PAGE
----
Each in-game day lasts about six to seven minutes in real time but each new day presents its own challenges (word of advice, don’t attack the buffalo early on. They will chase you for three quarters of the next day, wasting time you could’ve spent much more wisely). During the day it’s a good idea to collect things that can be made into a torch or fire as at night everything goes pitch black without these. When your character is alone in the dark for too long, monsters attack and more often than not that’s when the player character is most likely to kick the bucket. Your fire will eventually go out so it’s a good idea to keep several torches on hand just in case. Although rare, rain obviously puts out fire very quickly so there is a significant difficulty spike during rainy nights.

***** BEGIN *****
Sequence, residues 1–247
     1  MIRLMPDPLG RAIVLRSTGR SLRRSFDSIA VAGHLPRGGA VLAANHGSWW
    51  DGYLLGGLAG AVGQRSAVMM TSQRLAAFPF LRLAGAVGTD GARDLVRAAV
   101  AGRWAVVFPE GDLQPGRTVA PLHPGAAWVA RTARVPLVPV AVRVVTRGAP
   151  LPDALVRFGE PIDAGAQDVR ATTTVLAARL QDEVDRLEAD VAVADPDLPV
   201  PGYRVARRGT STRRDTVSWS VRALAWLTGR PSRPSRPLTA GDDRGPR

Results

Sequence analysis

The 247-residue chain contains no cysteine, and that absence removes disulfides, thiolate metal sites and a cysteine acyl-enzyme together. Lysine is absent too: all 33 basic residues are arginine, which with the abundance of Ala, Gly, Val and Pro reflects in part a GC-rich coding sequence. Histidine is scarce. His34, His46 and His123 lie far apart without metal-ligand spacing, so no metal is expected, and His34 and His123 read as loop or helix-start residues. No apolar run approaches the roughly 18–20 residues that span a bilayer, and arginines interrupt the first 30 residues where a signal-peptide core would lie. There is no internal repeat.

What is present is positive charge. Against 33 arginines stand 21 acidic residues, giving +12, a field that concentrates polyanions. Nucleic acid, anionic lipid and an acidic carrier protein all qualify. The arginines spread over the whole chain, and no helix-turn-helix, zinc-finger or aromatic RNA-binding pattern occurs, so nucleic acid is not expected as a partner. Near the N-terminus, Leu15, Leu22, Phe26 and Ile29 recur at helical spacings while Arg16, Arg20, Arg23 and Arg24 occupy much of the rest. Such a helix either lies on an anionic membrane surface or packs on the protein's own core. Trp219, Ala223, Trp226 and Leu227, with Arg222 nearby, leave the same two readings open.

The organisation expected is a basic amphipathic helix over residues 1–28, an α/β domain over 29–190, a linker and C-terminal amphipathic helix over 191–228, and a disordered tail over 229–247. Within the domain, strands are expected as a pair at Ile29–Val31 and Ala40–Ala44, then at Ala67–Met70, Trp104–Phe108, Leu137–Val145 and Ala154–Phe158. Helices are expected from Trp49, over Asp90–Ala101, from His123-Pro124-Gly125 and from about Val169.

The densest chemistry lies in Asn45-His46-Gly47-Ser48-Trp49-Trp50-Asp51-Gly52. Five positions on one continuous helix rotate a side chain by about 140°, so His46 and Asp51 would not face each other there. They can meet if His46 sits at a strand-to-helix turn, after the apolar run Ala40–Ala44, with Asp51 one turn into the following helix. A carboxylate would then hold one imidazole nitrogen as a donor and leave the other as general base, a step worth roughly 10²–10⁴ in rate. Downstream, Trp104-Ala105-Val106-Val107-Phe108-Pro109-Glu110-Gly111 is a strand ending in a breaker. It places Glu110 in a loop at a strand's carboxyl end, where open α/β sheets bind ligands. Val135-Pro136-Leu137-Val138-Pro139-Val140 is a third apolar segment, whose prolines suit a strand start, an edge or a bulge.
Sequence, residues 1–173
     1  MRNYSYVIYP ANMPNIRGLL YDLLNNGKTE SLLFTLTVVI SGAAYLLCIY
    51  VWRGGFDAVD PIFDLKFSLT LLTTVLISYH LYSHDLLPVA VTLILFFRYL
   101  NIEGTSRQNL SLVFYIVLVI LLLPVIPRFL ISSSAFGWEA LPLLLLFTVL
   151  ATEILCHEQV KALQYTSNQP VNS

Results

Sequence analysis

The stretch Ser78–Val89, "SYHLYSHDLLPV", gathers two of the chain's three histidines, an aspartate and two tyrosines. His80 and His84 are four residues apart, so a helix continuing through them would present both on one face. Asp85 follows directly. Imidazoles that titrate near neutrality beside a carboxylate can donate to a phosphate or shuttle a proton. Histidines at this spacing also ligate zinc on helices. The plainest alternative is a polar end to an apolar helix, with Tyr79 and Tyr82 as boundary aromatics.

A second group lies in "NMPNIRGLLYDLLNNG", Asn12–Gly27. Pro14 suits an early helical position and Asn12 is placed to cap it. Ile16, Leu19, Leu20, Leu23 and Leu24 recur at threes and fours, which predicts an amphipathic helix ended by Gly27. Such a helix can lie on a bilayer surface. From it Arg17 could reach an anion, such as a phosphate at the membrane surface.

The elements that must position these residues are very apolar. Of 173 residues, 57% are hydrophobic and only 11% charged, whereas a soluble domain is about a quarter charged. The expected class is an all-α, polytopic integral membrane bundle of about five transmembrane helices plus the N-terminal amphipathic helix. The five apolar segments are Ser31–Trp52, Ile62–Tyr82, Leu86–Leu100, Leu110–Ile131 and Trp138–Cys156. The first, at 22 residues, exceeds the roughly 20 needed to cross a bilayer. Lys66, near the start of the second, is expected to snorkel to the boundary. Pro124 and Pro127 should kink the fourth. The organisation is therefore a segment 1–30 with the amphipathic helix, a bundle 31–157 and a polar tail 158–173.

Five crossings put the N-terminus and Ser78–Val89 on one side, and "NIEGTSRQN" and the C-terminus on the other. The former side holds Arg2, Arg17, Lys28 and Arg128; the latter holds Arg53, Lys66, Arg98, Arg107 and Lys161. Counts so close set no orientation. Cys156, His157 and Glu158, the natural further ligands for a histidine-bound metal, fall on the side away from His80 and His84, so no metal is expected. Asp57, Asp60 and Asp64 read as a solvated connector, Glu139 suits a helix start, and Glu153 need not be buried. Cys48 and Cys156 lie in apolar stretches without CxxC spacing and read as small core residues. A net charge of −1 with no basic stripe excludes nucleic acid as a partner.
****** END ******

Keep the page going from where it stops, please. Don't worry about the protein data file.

During each day the three key challenges the player must face are monitoring their character’s hunger, health and sanity. If either one of these meters empties completely your character will die. Thankfully these meters don’t deplete rapidly on their own. Nevertheless one must be careful not to aggravate the amount they decrease by, for example, eating the wrong thing; some flowers increase both your character’s satiation and your health, other flowers cause a large decrease in your character’s health. Furthermore it’s not always immediately obvious what will cause your character ill health until they’ve eaten it.